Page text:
Fun facts about the engine room

Fact #1: We use laser light to detect temperatures of instruments in the engine room to make sure they are not overheating and all running smoothly.

Fact #2: How can we keep the water that runs our air-conditioning cool? To run the ship’s air conditioners, it takes 1.5 gallons of fresh water per minute.  With 25 air-conditioning units on board, that is a lot of water!  With a limited amount of weight and space available on ship, we couldn’t possibly keep enough new fresh water to ensure we have cool water entering the system.  So how do we do it?  We have a closed system, so the same water cycles through over and over again, and we use a heat exchanger mechanism to keep it cool as it starts a new cycle. What could we use that is cool that we have an unlimited supply of?   Salt water!  The heated fresh water runs in the bottom of the heat exchanger machine, and comes out the top. Cool salt water runs in a countercurrent direction: in the top and out the bottom.  As the cool salt water passes by the heated fresh water, the heat transfers from the fresh water to the salt water, cooling the fresh water, heating the salt water before it is disposed of back into the ocean. Because the salt water is so abundant, it can run in an open system, where it is continuously fed anew into the pipes as it is continuously running out of pipes at the other end.

How to respond to a man overboard emergency

If the person was witnessed going overboard, the witness should:

  1. Call out for assistance and throw a life ring buoy into the water (best if it has a strobe light). Pass the word to the Bridge by any means possible.
  2. Wait about one minute and throw a second life ring buoy into the water to create a visual range to aid in the search effort.
  3. Keep the victim under surveillance if at all possible, but do not delay passing the word to the Bridge.

Unwitnessed Man Overboard

Until proven otherwise, when a crewmember is unaccounted for, it will be presumed that the individual has been lost overboard.  The time of the casualty will be unknown.  The ship’s navigation record will be crucial for search planning, as will the hourly weather observations entered into the Weather Log.

Why seasickness is so common

Most people feel some level of illness or discomfort when they first go to sea. Seasickness is a result of a conflict in the inner ear (where the human balance mechanism resides) caused by the erratic motion of the ship through water.  Inside the cabin of a rocking boat, for example, the inner ear detects changes in linear and angular acceleration as the body moves with the boat. But since the cabin moves with the passenger, the eyes register a relatively stable scene. Agitated by this perceptual incongruity, the brain responds with a cascade of stress-related hormones that can ultimately lead to nausea and vomiting. Its effect can be magnified by strong smells (like diesel fumes or fish). It usually occurs in the first 12-24 hours after sailing, and dissipates when the body becomes acclimated to the ship’s motion. Rarely does anyone stay ill beyond the first couple days at sea, regardless of sea state.  Don’t be embarrassed or discouraged!  If you get sick, chances are that others are sick too!  No one—fishermen, ship’s officers, scientists—is immune to seasickness.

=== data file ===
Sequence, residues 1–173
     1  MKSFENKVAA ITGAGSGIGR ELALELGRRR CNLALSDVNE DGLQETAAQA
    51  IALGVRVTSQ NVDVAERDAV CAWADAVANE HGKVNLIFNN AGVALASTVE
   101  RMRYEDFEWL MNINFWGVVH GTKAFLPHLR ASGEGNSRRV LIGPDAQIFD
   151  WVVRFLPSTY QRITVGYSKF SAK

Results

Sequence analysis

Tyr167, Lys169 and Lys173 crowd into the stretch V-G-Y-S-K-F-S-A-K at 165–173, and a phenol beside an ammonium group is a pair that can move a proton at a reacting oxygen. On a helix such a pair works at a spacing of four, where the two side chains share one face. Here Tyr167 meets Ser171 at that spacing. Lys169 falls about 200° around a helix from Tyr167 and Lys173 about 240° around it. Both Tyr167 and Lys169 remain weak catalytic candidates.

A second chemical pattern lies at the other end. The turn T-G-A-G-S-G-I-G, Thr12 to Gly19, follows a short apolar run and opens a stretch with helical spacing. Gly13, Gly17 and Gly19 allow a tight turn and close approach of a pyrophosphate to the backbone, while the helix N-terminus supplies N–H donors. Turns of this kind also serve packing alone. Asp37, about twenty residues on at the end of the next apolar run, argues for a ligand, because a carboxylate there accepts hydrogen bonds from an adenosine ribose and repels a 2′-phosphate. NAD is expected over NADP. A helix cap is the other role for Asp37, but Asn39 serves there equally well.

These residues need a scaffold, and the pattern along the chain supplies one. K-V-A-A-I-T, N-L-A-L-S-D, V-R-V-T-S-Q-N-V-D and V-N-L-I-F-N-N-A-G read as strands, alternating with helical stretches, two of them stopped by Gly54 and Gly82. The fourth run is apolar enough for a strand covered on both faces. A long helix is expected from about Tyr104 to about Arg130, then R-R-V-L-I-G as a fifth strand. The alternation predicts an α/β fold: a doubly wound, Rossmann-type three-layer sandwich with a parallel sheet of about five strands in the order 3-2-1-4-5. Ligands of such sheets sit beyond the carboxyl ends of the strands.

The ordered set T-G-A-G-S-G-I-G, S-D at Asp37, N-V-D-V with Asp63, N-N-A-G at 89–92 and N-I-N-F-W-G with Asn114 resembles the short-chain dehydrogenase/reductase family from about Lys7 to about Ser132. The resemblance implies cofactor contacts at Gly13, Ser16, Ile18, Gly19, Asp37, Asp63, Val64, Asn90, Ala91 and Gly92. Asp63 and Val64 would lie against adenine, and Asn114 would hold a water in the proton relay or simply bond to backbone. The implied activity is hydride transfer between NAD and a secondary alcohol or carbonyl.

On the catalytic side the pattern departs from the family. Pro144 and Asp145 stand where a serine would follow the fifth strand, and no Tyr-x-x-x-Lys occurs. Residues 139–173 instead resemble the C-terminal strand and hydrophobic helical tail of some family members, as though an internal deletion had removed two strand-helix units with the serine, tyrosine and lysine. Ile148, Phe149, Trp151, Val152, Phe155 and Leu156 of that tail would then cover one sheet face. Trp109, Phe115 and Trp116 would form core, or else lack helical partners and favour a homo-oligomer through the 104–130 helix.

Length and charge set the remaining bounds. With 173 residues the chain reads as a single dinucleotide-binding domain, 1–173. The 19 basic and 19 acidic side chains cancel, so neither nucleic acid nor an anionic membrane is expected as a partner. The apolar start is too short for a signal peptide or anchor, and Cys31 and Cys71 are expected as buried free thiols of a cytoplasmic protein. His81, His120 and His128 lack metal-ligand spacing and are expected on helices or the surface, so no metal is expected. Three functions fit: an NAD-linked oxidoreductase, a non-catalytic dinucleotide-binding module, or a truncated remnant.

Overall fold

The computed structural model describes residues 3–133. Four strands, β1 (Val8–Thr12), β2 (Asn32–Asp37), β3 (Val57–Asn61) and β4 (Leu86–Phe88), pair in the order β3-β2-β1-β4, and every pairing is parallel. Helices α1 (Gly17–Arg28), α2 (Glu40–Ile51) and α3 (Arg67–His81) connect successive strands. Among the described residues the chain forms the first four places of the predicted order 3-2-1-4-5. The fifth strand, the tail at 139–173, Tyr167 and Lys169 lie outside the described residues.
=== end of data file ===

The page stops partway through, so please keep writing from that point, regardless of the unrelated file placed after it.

Tips of the day:

Tip 1: Dehydration comes quick. Drink lots of water.

Tip 2: Give one hand for the boat. (As I walk up and down the stairs, I always have a hand on the rail.)

Peggy Deichstetter, August 30, 2010

NOAA Teacher at Sea
Peggy Deichstetter
Aboard Oregon II
August 29 – September 10, 2012

Mission: Longline Shark and Red Snapper Survey
Geographical area of cruise: Gulf of Mexico
Day 1 August 30

Stateroom

Stateroom

I met my roommate, Claudia, this morning. She was on this cruise last year. Basically we catch, tag and release sharks and any other fish we may catch. I walked into town to pick up things I forgot. Ashley, Guy and I run into town for our last meal on land, a Subway. During the excitement of casting off, I’m informed that I have the night shift. Me, the goddess of the morning. they must be kidding. As we reach open water the sea is really rough.

At dinner I’m advised to go to bed right after dinner and get up at 2:00am to acclimate my body to the night shift. So right after (6:30pm) dinner I head off to bed. My roommate is already there, she is green. She tells me she doesn’t feel well and needs to lie down. There is no way I can fall asleep. I lie there, waiting to fall asleep. Finally, I’ve been lying there so long, it most be time to get up. I look at my watch… its only 9:00. I finally fall asleep.

Stateroom

Stateroom